As on all previous Torche releases, the band relies mainly on its knack for combining densely layered guitar riffs with rich vocal arrangements, winding lead-guitar lines, and shimmering textures that give the music a radiance not unlike the wavy lines that appear to emanate off blacktop on a hot day.
Recorded by Torche bassist Jonathan Nuñez and mixed by Converge’s Kurt Ballou, Harmonicraft comes stuffed with so much sonic detail that the music practically melts in your mouth. Other groups may sound confused, bipolar, disastrously off-course, or ultimately limited in their attempts to expand the scope of their riffs. But Torche comes up with riffs that sound like they were meant to be infused with other flavor.
This time around, the band also elevates its songwriting game above the tone fetishism of some of its previous work. The result is an album full of anthems that, when taken together, lend themselves perfectly to such life-defining moments as road trips, keg parties, fist-pumping and singing out loud uncontrollably in public places, and solo listening in the dark on repeat. With Harmonicraft, Torche effortlessly combines brawny drive with melodic release.
The album also marks Torche’s first release to feature new guitarist Andrew Elstner, who participated fully in the songwriting, guitar playing, and vocal harmonizing alongside front-man Steve Brooks and bandmates. His presence adds a welcome new dimension after the 2010 recording of Songs for Singles as a three-piece.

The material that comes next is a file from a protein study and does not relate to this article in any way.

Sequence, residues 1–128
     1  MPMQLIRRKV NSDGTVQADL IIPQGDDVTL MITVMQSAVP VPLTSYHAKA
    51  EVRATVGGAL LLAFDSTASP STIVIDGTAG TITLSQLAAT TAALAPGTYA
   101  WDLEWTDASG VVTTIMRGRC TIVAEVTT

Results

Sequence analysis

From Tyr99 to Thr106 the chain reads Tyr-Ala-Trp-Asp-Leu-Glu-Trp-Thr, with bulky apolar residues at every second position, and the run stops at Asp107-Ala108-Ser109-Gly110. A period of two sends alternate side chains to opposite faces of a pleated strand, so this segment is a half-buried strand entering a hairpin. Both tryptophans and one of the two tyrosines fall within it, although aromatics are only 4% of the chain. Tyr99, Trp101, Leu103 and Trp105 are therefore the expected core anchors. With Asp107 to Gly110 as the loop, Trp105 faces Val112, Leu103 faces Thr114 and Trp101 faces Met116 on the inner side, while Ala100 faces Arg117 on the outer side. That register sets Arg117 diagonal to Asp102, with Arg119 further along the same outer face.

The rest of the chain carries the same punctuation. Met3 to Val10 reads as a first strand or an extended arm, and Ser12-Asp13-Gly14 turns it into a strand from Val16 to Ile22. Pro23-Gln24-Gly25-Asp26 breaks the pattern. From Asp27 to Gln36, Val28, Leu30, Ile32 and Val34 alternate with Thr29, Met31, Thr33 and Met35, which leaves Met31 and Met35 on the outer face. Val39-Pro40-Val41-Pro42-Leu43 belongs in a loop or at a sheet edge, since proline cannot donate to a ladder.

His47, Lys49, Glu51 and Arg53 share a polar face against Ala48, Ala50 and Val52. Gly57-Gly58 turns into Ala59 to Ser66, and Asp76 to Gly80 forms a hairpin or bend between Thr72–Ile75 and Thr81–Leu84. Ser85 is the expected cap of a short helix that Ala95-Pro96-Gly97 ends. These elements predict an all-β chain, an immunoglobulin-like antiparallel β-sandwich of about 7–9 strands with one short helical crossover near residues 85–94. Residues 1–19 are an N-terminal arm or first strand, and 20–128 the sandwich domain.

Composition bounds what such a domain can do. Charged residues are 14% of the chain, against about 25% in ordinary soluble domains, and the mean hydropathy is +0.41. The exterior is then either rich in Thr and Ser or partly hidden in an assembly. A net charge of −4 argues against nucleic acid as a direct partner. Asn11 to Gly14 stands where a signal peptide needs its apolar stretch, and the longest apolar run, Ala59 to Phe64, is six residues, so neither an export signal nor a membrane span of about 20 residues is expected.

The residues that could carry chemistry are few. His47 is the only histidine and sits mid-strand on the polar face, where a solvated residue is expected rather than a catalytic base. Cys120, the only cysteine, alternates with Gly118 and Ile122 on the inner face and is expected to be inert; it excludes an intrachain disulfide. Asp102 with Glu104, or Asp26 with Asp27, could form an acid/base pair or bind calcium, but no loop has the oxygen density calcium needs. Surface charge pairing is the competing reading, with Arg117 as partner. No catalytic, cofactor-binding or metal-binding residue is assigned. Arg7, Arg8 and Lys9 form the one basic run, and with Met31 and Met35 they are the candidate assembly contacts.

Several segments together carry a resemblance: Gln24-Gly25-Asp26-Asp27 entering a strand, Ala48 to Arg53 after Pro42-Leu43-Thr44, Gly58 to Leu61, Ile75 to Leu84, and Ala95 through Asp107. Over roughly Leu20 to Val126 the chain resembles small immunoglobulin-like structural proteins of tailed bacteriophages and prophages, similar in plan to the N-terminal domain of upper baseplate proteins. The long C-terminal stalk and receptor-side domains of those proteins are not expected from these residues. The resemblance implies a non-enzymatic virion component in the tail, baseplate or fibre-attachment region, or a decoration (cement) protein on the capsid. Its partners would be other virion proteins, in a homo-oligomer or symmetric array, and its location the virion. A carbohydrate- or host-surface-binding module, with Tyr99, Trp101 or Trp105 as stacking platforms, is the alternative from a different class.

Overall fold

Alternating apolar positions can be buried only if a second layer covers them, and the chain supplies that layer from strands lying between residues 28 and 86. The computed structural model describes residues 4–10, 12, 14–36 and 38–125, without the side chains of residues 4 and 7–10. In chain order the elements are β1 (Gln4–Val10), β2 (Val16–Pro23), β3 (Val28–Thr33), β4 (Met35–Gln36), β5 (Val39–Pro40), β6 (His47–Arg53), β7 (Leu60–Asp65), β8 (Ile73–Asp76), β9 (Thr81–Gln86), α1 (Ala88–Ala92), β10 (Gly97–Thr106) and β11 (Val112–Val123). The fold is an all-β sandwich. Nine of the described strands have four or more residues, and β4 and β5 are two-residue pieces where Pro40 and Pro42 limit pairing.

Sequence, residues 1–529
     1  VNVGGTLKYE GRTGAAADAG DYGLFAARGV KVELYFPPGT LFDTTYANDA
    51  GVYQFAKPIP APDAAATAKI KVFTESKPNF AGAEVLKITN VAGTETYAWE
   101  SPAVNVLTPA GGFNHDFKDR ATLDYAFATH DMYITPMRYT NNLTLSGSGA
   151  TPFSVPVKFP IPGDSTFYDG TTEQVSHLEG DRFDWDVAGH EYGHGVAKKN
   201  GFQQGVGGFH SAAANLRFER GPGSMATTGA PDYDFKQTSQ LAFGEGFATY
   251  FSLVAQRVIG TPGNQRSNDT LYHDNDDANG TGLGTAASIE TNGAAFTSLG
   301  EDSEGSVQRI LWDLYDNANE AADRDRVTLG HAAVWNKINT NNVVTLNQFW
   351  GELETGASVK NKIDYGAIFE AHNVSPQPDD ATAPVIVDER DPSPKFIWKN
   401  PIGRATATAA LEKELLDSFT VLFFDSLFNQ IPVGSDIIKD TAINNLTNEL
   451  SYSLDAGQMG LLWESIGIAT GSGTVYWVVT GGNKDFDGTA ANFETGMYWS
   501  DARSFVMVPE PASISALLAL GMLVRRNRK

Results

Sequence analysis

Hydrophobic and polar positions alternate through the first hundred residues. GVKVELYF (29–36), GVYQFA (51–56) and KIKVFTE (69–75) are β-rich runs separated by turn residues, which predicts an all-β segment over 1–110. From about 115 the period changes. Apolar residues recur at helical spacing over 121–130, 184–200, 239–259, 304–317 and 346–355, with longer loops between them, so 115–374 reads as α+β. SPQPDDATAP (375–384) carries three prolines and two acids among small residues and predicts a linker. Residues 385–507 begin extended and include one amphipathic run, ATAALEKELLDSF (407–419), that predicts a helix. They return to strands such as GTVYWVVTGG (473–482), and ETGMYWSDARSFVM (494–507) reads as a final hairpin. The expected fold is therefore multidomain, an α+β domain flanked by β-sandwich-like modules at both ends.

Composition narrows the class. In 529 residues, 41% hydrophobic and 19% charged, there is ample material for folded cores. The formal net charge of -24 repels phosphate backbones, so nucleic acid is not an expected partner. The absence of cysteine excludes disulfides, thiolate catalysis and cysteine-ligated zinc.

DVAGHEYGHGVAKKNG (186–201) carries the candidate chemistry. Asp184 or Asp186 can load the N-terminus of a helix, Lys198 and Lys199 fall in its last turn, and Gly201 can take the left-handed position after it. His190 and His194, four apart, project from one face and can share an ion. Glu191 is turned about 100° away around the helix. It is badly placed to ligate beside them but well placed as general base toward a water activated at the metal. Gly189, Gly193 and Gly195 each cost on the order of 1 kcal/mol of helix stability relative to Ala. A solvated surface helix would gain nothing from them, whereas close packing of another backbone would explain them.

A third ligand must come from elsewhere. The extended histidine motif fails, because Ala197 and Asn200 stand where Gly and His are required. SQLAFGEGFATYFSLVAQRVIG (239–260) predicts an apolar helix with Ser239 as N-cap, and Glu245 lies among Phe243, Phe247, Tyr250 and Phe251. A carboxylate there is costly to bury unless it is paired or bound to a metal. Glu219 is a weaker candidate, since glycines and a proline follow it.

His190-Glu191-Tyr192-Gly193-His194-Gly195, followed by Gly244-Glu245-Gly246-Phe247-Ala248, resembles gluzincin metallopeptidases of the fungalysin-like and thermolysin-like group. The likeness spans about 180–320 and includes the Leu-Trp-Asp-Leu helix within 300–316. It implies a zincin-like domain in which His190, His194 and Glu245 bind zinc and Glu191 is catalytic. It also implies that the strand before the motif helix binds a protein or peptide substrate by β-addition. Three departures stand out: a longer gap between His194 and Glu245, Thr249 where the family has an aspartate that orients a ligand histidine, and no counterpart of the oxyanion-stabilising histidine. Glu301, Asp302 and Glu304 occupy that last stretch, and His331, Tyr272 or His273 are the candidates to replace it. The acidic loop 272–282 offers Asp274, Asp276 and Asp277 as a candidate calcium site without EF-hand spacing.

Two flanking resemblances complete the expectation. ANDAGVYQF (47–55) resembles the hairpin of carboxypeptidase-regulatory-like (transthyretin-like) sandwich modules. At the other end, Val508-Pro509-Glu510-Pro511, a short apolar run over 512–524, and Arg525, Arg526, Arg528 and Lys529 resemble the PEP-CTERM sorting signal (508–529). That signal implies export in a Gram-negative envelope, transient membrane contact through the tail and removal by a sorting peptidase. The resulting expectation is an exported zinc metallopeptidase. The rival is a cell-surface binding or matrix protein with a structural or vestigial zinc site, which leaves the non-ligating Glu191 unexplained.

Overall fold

- Text by Saby Reyes-Kulkarni. Read the full review here.
"I've Seen Footage"
This February, Epic Records signed Sacramento-based aggro-rap trio Death Grips in a WTF? move that caused an industry-wide double-take. As if fearing for its own major-label life span, the trio subsequently announced two new albums to be released within the year, the first of which — The Money Store — drops today. As Death Grips’ follow-up to last year’s acclaimed mixtape Exmilitary, its first official debut finds MC Ride, Hella drummer Zach Hill, and producer Andy Morin once again crafting one of the most out-there, if not polarizing, hip-hop releases of the year.
The album’s opening track, “Get Got,” immediately sets the tone for the record, sending a message to the listener that this is not your average hip-hop production. Ride trades in his signature shout-raps for malfunctioning-machine-like delivery, layered over spasming synths. “I’ve Seen Footage” is, quite possibly, one of the more accessible tracks on the album, channeling Salt-n-Pepa’s “Push It” as though it were produced by aliens.
As a whole, The Money Store might be as heralded for its shock value and general strangeness than its production value. It’s an album that challenges its listeners to like it, assuming that they survive a full spin.